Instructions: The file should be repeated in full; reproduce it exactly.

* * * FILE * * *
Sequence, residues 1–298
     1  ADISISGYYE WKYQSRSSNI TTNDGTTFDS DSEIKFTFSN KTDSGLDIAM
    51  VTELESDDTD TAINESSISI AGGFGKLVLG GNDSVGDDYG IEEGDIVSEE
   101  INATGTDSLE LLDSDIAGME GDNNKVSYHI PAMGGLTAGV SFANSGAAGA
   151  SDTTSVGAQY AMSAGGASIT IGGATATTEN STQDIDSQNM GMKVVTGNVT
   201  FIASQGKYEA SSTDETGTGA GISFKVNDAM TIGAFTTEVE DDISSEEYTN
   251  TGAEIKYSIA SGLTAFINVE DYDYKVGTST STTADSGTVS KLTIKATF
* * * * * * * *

Sequence, residues 1–298
     1  ADISISGYYE WKYQSRSSNI TTNDGTTFDS DSEIKFTFSN KTDSGLDIAM
    51  VTELESDDTD TAINESSISI AGGFGKLVLG GNDSVGDDYG IEEGDIVSEE
   101  INATGTDSLE LLDSDIAGME GDNNKVSYHI PAMGGLTAGV SFANSGAAGA
   151  SDTTSVGAQY AMSAGGASIT IGGATATTEN STQDIDSQNM GMKVVTGNVT
   201  FIASQGKYEA SSTDETGTGA GISFKVNDAM TIGAFTTEVE DDISSEEYTN
   251  TGAEIKYSIA SGLTAFINVE DYDYKVGTST STTADSGTVS KLTIKATF